The structure and operation of the first configuration of the storage compartment 10 will now be described by reference to FIGS. 1 and 2. The storage compartment 10 includes a support structure 14 that is attached to the fuselage or overhead support of an aircraft, or other vehicle that uses overhead storage compartments. The storage bin 12 (illustrated in phantom) is movably attached to the support structure 14 through the use of retraction mechanisms 24 attached to both ends of the storage bin. In FIGS. 1-2 and 4-5, the storage bin 12 has been shown in phantom so that the structure and operation of the retraction mechanism 24 may be more easily viewed and the following description more easily understood. The storage bin 12 itself is a box having a top 16 (FIG. 2), a bottom 17, a back wall 18, two opposing ends 26 and an opening 19 in its front surface into which luggage or other carry-on items may be inserted.

As described above, in the storage compartment's first configuration the retraction mechanism 24 allows the storage bin 12 to move from a stowed position (FIG. 1) in which the storage bin is nestled into the support structure 14 to an open and lowered position in which the storage bin is lowered approximately linearly downward from the support structure 14 (FIG. 2). In its lowered position, the storage bin 12 is also rotated slightly counter clockwise as illustrated in FIG. 2 so that a passenger may more easily access the interior of the storage bin.

The retraction mechanism 24 is located in a plane parallel to the ends 26 of the storage bin 12 and the ends of support structure 27. The retraction mechanism is formed of an idler link 30, a balance spring 32, a drive link 34, an upper link 36, a lower link 38 and a compression snubber 40. The retraction mechanism 24 also includes a slide track 44, a down stop 46 and a dash pot 48 that function as described below. Although FIG. 1 illustrates a single retraction mechanism, each storage bin 12 includes two retraction mechanisms 24, one retraction mechanism mounted on each end 26 of the storage bin.

The idler link 30 is a straight elongate member that is pivotally attached to the end 27 of the support structure 14 at its upper end by a pivot 50 located at a point near the ceiling of the support structure. The opposite end of the idler link 30 is pivotally attached to the end of the drive link 34 and the end of the balance spring 32 by a pivot 52. The pivot 52 extends through the ends of the idler link 30, balance spring 32 and drive link 34 and into an upward facing arcuate slot 54 in the slide track 44. The pivot 52 is anchored within the slot 54 such that it is prevented from moving into or out of the slot 54 but allowed to slide freely within the arcuate slot 54. Anchoring the pivot pin 52 within the slot 54 of the slide track 44 prevents the ends of the idler link 30, balance spring 32 and drive link 34 from moving out of plane during retraction and extension of the retraction mechanism 24 as described below.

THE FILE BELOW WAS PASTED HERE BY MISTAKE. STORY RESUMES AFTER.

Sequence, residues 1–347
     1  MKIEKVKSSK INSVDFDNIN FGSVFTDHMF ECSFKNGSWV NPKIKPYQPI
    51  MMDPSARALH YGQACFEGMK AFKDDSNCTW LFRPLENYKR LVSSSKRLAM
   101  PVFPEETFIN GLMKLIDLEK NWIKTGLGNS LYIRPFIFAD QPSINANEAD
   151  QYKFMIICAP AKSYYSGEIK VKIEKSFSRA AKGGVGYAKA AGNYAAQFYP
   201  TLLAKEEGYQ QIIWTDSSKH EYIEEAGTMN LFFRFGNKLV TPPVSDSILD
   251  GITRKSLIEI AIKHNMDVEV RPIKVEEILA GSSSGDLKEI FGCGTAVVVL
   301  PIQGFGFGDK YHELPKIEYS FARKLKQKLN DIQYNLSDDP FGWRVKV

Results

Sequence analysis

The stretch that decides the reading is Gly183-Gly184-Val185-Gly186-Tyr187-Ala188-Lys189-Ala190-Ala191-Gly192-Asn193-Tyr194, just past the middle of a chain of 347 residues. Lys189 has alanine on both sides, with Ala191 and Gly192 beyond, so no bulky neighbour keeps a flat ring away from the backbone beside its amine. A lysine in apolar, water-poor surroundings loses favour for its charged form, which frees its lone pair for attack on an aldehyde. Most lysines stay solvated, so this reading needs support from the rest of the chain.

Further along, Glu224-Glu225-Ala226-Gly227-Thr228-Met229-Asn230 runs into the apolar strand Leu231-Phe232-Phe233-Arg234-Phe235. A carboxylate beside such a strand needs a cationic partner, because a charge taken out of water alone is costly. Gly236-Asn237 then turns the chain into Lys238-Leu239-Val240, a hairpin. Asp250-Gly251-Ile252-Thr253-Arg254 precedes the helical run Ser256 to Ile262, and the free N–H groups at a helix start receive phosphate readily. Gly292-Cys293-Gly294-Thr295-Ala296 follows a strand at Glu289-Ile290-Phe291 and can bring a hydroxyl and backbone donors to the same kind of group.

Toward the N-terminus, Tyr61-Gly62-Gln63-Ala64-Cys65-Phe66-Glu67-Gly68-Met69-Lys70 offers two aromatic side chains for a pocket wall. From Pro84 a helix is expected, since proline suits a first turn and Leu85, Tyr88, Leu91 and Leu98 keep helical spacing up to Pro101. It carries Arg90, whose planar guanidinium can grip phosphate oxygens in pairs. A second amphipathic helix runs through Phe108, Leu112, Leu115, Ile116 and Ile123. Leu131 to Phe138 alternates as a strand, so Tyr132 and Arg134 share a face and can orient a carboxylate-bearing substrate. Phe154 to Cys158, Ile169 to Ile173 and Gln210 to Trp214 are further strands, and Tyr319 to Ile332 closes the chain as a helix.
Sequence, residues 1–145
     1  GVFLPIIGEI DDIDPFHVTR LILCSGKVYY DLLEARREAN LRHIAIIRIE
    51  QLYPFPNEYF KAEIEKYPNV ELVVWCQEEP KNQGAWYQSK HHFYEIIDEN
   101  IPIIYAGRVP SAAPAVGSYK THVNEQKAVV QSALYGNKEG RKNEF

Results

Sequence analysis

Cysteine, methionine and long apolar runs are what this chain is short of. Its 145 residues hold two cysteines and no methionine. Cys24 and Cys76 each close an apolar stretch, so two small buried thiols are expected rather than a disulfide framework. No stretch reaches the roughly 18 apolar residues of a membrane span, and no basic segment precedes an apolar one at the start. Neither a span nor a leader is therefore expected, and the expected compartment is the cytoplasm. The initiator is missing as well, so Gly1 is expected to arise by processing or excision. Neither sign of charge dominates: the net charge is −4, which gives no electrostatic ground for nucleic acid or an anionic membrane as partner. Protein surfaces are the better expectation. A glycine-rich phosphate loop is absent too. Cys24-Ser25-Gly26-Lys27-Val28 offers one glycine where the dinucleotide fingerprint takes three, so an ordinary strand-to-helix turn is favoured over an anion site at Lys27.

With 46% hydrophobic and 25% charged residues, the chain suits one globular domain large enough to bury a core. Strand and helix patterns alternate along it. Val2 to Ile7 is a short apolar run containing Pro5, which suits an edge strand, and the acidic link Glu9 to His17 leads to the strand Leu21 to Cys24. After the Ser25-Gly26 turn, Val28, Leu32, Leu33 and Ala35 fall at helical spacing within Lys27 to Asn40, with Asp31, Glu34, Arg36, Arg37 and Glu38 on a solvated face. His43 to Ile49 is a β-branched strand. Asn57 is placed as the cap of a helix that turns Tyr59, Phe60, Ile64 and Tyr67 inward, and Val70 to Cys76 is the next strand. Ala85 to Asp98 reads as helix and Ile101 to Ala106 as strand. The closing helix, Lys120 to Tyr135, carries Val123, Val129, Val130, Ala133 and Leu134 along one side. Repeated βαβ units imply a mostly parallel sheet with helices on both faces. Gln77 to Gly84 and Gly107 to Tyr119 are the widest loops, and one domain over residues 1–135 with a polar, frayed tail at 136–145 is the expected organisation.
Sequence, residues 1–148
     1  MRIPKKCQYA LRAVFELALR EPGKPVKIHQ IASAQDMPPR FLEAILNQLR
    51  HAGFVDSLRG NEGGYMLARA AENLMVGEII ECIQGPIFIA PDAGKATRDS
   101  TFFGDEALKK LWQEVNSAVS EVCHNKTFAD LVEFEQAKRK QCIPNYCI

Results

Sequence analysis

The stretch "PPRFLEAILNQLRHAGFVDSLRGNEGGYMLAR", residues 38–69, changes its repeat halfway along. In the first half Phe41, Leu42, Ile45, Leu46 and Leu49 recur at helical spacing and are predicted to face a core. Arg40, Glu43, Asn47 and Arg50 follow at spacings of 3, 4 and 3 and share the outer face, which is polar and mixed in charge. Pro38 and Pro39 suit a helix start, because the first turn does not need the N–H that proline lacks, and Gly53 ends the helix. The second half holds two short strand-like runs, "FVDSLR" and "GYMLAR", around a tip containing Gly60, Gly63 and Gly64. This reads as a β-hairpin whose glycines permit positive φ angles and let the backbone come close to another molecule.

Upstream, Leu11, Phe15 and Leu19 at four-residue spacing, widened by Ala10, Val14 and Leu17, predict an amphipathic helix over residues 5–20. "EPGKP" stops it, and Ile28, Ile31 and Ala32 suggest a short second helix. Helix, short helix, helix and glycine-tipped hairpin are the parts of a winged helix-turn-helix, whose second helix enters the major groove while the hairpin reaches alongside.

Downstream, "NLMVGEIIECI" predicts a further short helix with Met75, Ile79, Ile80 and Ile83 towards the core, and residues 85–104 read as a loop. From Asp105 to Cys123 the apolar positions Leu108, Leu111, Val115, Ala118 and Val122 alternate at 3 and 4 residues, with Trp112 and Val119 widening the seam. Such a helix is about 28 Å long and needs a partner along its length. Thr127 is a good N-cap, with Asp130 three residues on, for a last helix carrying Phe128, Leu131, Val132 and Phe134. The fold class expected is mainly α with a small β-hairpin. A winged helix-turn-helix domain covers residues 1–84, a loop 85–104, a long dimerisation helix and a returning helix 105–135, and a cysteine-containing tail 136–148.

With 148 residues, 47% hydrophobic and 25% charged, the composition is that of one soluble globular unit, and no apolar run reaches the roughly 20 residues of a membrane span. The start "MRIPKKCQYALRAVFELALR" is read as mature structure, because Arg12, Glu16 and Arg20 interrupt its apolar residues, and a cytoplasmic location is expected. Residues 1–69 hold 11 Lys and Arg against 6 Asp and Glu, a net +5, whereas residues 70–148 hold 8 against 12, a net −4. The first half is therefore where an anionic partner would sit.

The balance spring 32 is a straight elongate compression spring that is pivotally attached to the formed end 27 of the support structure 14 at one end by a pivot 54 and is pivotally connected to the pivot 52 at its opposite end. The balance spring 32 includes a rod that is telescopically mounted within a cylinder in a manner well known in the art. The balance spring 32 is attached between pivots 52 and 54 in a precompressed state so that it exerts an inward directed force on the idler link 30 and drive link 34 as described in more detail below.

The drive link 34 is a straight elongate member having downward facing arcuate portion 53 at one end. The outer end of the arcuate portion 53 is pivotally connected to the pivot 52 while the opposite end 58 of the drive link 34 is pivotally connected to a lug 55 located on the lower end of the upper link 36 by a pivot 56.

The upper link 36 is a straight elongate member that includes a downward facing arcuate portion 57 at its lower end. The lug 55 is located adjacent the intersect of the arcuate portion 57 of the upper link 36 and the straight portion of the upper link. The end of the arcuate portion 57 is pivotally connected to a pivot boss 60 by a pivot 62. The pivot boss 60 is a reinforced mounting boss that is attached to the upper inside comer of the end 26 of the storage bin 12. The opposite end of the upper link 36 is pivotally connected to a pivot 64. The pivot 64 is mounted on an extension bracket (not shown) that is fixedly attached to and extends upward from the top of the support structure 14.